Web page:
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  • Midwife Gives Tour Of Lying-In Clinic And Shares What Happens During Childbirth

    A lying-in maternity clinic is an option for pregnant women who have a healthy pregnancy.
    by Rachel Perez .
Midwife Gives Tour Of Lying-In Clinic And Shares What Happens During Childbirth
PHOTO BY @mama_the_explorer/Instagram
  • Getting pregnant means finding an obstetrician-gynecologist (ob-gyn) and looking for a hospital where you can give birth. Many preggos are also now considering giving birth in a lying-in clinic with a midwife to prevent possible COVID-19 exposure.

    A lying-in clinic is a more affordable option than a hospital, but it's not for everybody. But how is the care of a midwife and childbirth in this setting compares to having an ob-gyn and a hospital birth?

    In one of their vlogs, celebrity moms and sisters Rica Peralejo Bonifacio and Paula Peralejo Fernandez featured a tour of the Marikina Maternity Lying-in Clinic and interviewed Aileen Vinoya, a midwife and a nurse.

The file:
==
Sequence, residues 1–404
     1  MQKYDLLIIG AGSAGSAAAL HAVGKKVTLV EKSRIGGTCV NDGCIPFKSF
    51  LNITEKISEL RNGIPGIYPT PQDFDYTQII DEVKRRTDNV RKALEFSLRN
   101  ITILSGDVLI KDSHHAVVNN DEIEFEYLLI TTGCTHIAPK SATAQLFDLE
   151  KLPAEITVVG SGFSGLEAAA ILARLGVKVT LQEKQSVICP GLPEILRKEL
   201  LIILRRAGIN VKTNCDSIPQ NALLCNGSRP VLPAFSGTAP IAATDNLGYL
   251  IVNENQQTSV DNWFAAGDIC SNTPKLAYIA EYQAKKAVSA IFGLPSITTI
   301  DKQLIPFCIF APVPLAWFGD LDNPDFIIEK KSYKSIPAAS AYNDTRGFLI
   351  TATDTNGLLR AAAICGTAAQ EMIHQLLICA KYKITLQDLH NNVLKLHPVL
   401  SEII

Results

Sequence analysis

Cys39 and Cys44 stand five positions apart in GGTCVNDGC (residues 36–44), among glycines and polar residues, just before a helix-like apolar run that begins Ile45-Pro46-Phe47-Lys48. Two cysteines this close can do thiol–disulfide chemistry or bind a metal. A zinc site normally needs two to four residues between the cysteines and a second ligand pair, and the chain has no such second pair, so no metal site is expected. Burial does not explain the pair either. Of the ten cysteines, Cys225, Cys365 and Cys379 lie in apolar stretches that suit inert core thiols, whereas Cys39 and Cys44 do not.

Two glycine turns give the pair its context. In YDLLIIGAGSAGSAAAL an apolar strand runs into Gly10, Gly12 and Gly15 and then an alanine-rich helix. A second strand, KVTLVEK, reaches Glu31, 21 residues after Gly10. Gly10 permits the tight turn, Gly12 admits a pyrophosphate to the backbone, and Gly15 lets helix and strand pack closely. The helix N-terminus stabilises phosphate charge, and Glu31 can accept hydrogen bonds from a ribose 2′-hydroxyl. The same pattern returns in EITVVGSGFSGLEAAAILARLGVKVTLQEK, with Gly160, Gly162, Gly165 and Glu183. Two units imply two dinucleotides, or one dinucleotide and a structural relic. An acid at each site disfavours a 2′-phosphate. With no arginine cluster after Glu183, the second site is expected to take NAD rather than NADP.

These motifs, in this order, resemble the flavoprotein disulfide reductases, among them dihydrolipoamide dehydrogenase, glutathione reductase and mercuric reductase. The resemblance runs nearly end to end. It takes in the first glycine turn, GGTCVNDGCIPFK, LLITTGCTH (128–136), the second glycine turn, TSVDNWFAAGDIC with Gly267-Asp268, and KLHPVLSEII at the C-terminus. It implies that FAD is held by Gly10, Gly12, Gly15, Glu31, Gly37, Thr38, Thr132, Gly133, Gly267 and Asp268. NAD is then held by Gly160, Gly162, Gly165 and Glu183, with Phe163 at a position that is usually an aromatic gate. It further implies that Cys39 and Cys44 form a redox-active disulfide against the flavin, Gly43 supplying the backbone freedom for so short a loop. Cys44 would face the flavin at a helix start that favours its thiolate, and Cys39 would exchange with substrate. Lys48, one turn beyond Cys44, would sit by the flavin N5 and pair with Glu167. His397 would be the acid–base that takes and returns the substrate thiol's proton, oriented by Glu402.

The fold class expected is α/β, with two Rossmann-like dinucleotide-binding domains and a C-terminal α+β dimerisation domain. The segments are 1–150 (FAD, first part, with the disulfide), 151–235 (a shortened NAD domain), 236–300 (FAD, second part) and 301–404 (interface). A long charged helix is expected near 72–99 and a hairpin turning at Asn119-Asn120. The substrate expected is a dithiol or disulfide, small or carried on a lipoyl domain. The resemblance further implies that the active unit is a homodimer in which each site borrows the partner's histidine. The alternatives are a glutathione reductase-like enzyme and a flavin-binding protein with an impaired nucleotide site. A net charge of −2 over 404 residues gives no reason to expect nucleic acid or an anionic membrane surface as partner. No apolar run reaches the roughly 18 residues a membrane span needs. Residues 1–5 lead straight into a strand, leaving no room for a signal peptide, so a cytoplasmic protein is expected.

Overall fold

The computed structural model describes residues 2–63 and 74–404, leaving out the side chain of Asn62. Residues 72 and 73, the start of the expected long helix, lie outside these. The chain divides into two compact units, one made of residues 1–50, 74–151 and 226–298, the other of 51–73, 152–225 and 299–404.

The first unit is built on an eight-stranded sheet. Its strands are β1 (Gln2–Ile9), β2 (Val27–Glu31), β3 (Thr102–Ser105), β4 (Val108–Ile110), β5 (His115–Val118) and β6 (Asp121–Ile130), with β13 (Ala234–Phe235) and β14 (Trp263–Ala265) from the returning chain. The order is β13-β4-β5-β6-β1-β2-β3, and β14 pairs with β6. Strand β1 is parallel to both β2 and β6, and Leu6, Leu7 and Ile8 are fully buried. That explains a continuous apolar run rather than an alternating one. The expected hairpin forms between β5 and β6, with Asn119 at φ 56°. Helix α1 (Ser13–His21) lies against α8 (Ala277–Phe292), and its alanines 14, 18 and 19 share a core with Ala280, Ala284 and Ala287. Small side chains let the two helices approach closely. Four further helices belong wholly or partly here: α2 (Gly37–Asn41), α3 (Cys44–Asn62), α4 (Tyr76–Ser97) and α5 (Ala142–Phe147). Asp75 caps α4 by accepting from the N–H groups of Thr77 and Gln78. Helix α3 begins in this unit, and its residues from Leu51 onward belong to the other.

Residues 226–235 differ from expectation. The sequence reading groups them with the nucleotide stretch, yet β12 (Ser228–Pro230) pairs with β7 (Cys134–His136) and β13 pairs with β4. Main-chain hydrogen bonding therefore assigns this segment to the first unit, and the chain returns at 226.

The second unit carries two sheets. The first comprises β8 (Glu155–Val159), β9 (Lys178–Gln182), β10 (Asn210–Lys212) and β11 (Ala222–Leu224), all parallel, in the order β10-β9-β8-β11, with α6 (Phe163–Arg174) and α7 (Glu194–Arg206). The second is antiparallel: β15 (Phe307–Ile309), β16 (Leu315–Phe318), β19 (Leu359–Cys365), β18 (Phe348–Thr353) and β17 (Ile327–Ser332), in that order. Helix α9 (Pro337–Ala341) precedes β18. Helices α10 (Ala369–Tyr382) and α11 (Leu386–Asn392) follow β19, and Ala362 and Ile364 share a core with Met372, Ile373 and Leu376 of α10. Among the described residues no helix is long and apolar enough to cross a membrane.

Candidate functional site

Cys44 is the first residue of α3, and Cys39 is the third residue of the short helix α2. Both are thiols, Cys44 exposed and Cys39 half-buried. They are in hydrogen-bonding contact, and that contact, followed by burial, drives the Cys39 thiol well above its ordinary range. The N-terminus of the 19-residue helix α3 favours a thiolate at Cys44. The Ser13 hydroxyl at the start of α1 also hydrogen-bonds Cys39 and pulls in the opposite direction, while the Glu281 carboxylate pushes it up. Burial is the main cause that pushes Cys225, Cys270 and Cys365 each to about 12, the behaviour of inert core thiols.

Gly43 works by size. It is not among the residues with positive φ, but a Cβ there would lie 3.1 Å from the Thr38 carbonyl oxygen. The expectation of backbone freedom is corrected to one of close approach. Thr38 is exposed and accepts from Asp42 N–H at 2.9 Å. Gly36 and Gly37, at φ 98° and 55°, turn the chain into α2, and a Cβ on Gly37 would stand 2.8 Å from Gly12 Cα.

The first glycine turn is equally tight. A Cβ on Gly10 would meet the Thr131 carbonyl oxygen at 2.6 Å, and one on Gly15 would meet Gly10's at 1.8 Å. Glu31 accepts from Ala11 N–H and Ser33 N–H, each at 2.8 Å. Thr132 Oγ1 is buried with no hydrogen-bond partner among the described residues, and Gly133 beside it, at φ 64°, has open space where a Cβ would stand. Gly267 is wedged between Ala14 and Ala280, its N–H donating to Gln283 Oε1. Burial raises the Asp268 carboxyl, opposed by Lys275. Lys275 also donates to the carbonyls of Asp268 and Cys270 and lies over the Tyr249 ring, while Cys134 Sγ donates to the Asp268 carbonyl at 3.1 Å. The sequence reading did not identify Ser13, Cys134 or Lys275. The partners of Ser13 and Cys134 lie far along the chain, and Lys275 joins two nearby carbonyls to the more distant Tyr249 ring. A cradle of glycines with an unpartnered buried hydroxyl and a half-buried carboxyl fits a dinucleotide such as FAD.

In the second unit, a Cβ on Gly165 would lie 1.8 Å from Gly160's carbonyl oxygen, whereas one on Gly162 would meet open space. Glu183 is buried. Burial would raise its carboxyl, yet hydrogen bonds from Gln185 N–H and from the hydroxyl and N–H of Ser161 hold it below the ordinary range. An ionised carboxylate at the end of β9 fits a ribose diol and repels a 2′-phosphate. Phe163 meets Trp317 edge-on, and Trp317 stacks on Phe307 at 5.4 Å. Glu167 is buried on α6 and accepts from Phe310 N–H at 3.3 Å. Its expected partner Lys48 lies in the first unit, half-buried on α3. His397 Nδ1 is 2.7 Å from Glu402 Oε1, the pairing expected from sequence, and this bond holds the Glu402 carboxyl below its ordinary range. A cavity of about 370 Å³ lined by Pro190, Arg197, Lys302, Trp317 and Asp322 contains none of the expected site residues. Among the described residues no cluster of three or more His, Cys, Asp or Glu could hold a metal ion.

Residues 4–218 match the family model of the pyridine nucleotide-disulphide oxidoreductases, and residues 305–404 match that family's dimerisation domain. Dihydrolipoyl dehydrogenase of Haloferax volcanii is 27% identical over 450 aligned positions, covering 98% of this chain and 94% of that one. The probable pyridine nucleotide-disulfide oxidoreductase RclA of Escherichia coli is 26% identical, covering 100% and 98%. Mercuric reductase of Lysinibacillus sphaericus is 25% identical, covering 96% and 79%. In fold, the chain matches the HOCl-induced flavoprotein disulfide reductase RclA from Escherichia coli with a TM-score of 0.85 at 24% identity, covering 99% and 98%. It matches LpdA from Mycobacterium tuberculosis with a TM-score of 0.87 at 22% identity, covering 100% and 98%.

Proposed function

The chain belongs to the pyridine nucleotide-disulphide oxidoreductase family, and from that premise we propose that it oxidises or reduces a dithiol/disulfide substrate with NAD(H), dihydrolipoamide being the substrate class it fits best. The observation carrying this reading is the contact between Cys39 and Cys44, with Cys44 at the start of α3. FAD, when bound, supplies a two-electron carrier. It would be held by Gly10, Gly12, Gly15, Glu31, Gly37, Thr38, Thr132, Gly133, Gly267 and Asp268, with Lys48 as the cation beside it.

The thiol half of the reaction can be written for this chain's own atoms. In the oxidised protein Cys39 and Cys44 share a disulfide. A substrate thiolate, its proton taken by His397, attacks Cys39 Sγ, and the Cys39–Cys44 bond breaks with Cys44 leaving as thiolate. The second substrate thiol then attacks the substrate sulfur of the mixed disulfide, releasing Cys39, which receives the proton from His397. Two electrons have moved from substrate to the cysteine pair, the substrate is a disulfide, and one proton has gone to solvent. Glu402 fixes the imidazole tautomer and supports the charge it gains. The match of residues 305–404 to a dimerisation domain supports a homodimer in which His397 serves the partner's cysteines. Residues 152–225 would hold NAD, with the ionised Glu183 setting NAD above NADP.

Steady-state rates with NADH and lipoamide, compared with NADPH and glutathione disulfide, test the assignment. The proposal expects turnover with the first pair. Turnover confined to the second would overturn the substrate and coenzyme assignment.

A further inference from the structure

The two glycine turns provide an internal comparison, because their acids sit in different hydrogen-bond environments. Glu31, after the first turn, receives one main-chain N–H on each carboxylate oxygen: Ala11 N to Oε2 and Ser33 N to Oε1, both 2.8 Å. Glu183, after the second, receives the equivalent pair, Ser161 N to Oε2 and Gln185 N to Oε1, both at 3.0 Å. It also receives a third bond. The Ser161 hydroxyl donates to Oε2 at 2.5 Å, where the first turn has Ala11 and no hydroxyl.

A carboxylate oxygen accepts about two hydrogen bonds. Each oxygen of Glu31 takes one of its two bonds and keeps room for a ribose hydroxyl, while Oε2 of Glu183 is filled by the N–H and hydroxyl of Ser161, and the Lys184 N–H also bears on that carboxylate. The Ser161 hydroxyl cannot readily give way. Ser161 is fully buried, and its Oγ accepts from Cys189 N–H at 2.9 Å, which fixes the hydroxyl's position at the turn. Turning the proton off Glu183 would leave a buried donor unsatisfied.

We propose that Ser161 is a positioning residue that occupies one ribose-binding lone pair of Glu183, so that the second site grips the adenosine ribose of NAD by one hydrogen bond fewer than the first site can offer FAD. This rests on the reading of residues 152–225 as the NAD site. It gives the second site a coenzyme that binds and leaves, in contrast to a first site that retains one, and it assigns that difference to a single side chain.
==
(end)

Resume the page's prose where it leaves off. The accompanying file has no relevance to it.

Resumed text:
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    First, you do not have to choose between a doctor and a midwife, as Rica points out. "Midwives are partners with obstetricians," she stressed.

    During her second pregnancy, Rica had an ob-gyn for her prenatal care. Every time she went to a doctor, Rica made sure to update her midwife. Rica, however, chose to give birth with midwife Vinoya and a doula at home.

    For the record, doctors don't recommend a home birth. But many will agree to women giving birth in a lying-in clinic under a midwife's supervision. Here's why.

    What lying-in maternity clinics can do for pregnant women

    Preggos can have consultations and prenatal checkups in lying-in maternity clinics. During a prenatal check, midwives can take your vital signs, temperature, blood pressure, and weight.

    Midwives also use a fetal doppler monitor to check your baby's heartbeat and use a tape measure to check your baby bump's fundal height. Without an ultrasound, midwives can check if your baby is growing in your womb by your weight and fundal height. (Click here to know what your bump's fundal height means.)